The three previous steps create the grounds for this fourth step which ultimately depends on people being willing to rebuild their communities as sustainable, healthy, resilient and desirable places to be through relocalising their economy. Without this last step, we cannot stop the devastating extraction of carbon, nor demonstrate to the world how to get back below 350ppm and so stay below the danger threshold of 2°C.
In summary: there is no way we are going to be able to pull back from the brink and — in the process — develop the localised economies needed for fulfilling low carbon lifestyles unless:
- There is clear legislation in place to ensure a level playing field for all, so that individuals, companies and public bodies are able to act to dramatically reduce their emissions to the level necessary. Unless
- There is a clear programme to change energy use, infrastructure, and the materials we use, from carbon-based to carbon-neutral. Unless
- There is swift legislation to curb the ability of finance and the profit motive to exploit and damage, rather than serve society. Unless
- There is dramatically increased support for communities to make the transition.
If government says such a programme cannot be embarked on within 12 months, we request an opportunity for immediate dialogue with the Scottish Government.
The Immediate Side Effects/ Benefits of this Approach:
Moving to a localised economy involves rebuilding community resilience and can involve us — almost inadvertently — tackling a range of other social problems which at the moment seem to be growing and intractable. Take an example given by Andrew Simms of the New Economics Foundation. He writes that:
Cuba demonstrated it is possible to feed a population under extreme economic stress with very few fossil fuel, but there were other surprises too. As calorie intake fell by more than one third, of necessity the proportion of physically active adults more than doubled and obesity halved. Between 1997–2002, deaths attributed to diabetes halved, coronary heart disease fell by 35 percent, and strokes and other causes by around one fifth. The approach was dubbed the ‘anti-model’ because it was both highly managed and led by communities, it focused on meeting domestic needs rather than exports, was largely organic and built on the success of small farms.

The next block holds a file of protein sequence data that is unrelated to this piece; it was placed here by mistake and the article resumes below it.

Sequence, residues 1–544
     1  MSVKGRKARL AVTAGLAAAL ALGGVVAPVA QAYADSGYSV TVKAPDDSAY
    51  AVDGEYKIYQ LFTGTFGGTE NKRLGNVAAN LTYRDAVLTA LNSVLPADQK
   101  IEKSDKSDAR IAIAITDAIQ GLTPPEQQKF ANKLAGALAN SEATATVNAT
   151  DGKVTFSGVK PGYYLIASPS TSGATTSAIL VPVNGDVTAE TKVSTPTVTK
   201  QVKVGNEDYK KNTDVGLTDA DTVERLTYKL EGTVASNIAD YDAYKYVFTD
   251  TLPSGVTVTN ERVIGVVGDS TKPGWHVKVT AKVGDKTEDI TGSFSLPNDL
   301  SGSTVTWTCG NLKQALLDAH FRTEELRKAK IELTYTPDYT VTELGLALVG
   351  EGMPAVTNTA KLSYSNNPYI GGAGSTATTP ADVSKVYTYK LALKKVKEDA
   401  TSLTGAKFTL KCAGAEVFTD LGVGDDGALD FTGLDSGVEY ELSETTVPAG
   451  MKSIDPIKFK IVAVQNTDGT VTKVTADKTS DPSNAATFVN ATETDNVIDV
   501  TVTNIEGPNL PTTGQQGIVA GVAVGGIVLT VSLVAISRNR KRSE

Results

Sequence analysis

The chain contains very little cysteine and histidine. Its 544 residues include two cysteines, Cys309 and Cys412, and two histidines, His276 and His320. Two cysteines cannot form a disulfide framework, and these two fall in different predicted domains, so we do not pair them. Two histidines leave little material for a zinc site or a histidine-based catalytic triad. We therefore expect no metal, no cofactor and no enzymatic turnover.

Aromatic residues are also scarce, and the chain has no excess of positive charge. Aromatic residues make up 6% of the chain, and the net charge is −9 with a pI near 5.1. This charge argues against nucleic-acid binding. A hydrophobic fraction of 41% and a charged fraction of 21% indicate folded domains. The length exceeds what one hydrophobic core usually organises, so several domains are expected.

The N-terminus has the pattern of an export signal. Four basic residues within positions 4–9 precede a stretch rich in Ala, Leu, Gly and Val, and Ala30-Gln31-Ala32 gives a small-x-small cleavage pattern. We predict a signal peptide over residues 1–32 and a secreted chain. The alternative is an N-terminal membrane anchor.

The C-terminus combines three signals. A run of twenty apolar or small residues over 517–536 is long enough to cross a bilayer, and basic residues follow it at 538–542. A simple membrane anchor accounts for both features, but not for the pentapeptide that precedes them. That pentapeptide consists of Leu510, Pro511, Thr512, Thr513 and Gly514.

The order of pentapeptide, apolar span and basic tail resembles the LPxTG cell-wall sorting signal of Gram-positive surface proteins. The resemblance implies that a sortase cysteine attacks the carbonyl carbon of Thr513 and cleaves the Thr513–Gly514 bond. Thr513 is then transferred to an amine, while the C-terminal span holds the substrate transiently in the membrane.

The extraordinary fact is that although climate chaos threatens our species with extinction, preventing climate chaos requires us to tackle the same forces that are causing the destruction of the environment and of other people’s lives right now. The prospect of climate change can either paralyse us into inaction or radicalise us into taking action. If we act, we can build a far better world; if we don’t, then our species will become extinct — there is nothing to lose in taking rational radical action now.
Note 1. CARBON TRADING SYSTEMS: to Price Carbon Out of the Economy:
‘Cap and Share’ which requires those bringing carbon emitting fuels into the economy — the carbon extractors — to buy the rights to selling those fuels by purchasing credits from the population. Their costs are then embedded in the far higher price of carbon based products, and individuals can afford these costs because they have sold their personal carbon credit to those companies. Those who use beyond their fair share will then be penalised by the increased cost, while producers will be motivated to produce carbon-low alternatives.